U.S. Vice President Mike Pence is expected to discuss trade and regional security when he meets Australian Prime Minister Malcolm Turnbull on Saturday, Australian and U.S. officials said.
Pence landed in Australia late on Friday, his fourth stop on a 10-day tour of U.S. allies in the Asia-Pacific region that has included a series of roundtables with business executives in South Korea, Japan, and Indonesia.
His trip to Australia is the first by a senior official in President Donald Trump’s administration as the United States looks to strengthen economic ties and security cooperation amid disputes in the South China Sea and tension on the Korean peninsula, reports Reuters.
Pence will emphasize the long-term partnership between the two countries on defense and the economy, even as Australia eyes the merits of developing a closer relationship with China, a White House foreign policy adviser said.
“We’re the number two in the economy in this sense,” the adviser told reporters traveling with Pence. “Obviously they lead with China. They are in the region, proximity matters to them.”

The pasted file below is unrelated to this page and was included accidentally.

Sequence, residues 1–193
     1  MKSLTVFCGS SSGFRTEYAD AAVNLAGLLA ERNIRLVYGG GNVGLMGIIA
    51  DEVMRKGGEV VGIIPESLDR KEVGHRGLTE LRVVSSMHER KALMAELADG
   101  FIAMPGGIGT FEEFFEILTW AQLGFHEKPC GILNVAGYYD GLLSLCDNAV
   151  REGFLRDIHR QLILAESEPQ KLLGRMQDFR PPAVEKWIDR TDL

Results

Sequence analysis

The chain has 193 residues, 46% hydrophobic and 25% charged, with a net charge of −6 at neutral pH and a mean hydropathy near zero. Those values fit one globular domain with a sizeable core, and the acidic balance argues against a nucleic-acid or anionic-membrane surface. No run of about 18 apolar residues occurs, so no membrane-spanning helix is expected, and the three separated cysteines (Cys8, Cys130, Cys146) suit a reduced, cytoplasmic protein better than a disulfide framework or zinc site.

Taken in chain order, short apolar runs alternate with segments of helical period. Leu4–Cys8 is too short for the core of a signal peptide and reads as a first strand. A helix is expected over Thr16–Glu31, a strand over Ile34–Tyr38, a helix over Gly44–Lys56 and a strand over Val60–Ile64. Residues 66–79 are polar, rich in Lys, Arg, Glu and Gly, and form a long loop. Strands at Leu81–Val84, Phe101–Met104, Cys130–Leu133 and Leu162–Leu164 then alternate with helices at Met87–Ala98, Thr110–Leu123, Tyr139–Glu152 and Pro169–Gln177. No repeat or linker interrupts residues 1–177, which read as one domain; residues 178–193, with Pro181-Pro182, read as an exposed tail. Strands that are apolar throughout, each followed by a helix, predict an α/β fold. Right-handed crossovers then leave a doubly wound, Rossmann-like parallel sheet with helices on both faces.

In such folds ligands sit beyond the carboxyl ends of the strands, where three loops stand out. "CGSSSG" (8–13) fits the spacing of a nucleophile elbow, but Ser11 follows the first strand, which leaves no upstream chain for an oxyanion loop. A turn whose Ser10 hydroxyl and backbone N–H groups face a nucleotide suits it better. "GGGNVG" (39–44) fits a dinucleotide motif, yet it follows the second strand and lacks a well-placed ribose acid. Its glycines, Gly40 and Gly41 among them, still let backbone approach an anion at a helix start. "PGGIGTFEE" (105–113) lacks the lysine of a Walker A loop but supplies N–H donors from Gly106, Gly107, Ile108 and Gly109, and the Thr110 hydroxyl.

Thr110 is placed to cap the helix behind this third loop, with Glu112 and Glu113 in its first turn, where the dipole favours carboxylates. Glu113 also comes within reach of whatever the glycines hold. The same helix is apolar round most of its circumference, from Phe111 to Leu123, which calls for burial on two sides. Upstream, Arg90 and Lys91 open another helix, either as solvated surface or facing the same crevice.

An official in Turnbull’s office noted Pence has already met and spoken by phone with several ministers about the Trump administration’s commitment to the bilateral relationship.
“The prime minister will enjoy the chance to talk about opportunities for building on that partnership,” said the official, who asked not to be identified.
Australia’s relationship with the new administration in Washington got off to a rocky start when Trump lambasted Turnbull over a refugee resettlement arrangement that Trump labeled a “dumb” deal.
Details of an acrimonious phone call between the pair soon after Trump took office made headlines around the world.
It is unclear whether that deal, agreed with former President Barack Obama, will be discussed on Saturday.
“I really do think it’s ancient history,” the White House foreign policy adviser told reporters, noting Pence had discussed the deal with Australian Foreign Minister Julie Bishop earlier this year.
Under the deal, the United States agreed to resettle up to 1,250 asylum seekers held in offshore processing camps on South Pacific islands in Papua New Guinea and Nauru.
In return, Australia would resettle refugees from El Salvador, Guatemala and Honduras.